Debate Prep: Should wealthy countries should prioritize vaccinating themselves at the expensive of developing countries?
America now administers more than 2 million doses of various COVID vaccines to its residents, far more than any other country in the world. Criteria for vaccine eligibility in the US are widening state by state, and the Biden administration announced a goal for all American adults to be eligible for inoculation by May 1, a target that experts believe will be met. But this rosy picture of vaccination statistics and trajectories translates to few other countries, especially in the developing world and Global South. As of Thursday, only 36 of the 54 African countries had received any vaccine doses at all. WHO chief Tedros Ghebreyesos told press last week that "most African countries do not have anywhere near enough vaccines to cover all health workers or all at risk groups," people who have long since been phased through vaccination in the US. Meanwhile, Brazil finds itself near its all-time peak of case diagnoses, and only 7.8% of the population is considered immune via vaccination.
This week, Political Union will ask whether developed countries - the US among them - should prioritize vaccinating itself at the expense of developing countries. This places the status quo in opposition to slowing down vaccination here, and sending more vaccines abroad. Below are some resources you might find useful as you prepare for the debate:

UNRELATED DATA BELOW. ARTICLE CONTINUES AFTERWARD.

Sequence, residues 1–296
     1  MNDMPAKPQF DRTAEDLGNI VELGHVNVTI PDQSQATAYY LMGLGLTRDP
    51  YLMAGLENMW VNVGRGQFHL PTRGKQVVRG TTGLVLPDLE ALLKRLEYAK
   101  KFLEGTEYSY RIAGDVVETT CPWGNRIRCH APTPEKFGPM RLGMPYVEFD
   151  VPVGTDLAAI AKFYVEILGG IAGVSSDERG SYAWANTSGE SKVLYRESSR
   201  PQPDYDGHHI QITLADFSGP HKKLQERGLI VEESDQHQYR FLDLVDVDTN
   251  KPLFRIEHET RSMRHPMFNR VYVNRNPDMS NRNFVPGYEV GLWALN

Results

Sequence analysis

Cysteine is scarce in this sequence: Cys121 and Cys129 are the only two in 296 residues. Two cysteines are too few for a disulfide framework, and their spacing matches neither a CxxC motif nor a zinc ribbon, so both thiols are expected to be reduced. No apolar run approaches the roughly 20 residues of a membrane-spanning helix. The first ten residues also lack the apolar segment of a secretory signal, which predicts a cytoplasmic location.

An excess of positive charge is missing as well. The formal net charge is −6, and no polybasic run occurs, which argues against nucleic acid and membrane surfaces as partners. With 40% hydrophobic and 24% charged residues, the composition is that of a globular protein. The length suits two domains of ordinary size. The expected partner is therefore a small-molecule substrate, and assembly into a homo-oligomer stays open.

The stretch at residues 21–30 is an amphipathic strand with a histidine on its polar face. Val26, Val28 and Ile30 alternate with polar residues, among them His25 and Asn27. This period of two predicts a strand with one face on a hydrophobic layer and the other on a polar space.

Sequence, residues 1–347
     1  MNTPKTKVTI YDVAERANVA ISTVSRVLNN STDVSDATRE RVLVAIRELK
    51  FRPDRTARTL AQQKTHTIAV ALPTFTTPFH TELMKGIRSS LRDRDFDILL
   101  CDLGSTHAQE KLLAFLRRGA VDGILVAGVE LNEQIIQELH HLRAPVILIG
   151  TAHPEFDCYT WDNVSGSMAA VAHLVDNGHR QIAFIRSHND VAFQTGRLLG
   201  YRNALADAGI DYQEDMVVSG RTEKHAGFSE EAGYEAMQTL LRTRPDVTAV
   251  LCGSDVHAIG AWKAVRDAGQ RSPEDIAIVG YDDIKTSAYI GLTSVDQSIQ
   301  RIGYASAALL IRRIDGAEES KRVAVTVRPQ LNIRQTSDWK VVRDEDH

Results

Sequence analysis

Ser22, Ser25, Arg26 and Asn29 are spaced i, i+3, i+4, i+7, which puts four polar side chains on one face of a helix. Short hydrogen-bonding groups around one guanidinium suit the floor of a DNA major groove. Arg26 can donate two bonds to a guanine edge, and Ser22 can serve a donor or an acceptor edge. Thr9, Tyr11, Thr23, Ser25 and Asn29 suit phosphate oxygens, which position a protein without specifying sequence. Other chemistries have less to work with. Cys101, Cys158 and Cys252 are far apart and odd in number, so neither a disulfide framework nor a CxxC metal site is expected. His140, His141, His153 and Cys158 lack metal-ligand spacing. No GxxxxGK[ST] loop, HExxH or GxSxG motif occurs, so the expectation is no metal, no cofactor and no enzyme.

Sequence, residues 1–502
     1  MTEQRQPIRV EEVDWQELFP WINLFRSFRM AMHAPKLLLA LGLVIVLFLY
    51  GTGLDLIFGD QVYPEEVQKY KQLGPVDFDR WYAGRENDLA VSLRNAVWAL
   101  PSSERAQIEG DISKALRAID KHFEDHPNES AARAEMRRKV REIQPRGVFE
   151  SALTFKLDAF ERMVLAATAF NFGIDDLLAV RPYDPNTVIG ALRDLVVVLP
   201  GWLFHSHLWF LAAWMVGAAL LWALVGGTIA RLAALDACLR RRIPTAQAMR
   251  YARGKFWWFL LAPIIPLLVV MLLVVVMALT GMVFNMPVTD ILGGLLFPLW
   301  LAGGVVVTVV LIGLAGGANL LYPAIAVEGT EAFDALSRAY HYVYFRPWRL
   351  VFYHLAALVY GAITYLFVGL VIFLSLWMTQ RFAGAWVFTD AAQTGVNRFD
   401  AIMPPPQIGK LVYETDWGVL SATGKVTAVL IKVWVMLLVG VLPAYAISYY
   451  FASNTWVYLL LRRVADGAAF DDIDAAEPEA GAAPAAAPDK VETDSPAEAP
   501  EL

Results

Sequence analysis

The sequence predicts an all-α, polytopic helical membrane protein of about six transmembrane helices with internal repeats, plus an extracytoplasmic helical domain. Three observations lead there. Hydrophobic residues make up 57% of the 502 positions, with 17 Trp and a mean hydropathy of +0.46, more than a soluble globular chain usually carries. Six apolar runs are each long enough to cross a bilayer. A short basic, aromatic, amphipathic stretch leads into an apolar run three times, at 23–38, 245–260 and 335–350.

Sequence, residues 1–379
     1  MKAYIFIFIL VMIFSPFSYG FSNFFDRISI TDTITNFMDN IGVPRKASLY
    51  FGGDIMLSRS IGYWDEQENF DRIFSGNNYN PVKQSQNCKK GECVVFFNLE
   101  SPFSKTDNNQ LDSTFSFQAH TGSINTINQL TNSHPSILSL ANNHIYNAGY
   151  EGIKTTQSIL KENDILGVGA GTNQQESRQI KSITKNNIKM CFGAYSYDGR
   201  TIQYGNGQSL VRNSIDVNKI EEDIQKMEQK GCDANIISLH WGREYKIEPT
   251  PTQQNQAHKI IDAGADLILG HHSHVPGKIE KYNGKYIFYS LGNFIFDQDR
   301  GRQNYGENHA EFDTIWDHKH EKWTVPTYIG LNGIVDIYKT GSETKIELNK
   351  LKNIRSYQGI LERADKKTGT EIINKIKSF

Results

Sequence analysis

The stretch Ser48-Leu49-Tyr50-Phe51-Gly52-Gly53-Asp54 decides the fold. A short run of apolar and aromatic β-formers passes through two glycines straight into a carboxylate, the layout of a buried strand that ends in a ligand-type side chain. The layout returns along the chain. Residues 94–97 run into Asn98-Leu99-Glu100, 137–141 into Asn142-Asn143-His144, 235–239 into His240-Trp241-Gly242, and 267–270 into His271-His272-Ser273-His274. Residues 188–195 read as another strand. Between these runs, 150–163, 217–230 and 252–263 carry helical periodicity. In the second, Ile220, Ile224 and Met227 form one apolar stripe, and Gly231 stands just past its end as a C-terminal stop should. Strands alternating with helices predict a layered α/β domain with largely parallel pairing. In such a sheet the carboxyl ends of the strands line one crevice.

Background on Vaccine Statistics and Allocation:
A primer on current vaccine donation efforts [14 mins]
A visualization of global vaccination data from Our World in Data [interactive chart]
Reporting on the US’s shipment of vaccines to Canada and Mexico in mid-March [7 mins]
A review of the challenges in funding vaccine development, and suggestions for reform [21 mins]
An argument in Foreign Policy hoping to convince the Biden administration to send more vaccines abroad [12 min read]
A paper in Clinical Ethics, an academic journal, analyzing barriers to access to vaccines for individuals and recommending a strategy on allocation to the developing world [20 min read]
An ethical defense of providing special access or preference (with vaccines or otherwise) to in-group populations, like other citizens of the same country [long read]
A critical reflection on the Biden administration’s recent pledge to ship 4 million doses of the AstraZeneca vaccine to Canada and Mexico [10 mins]
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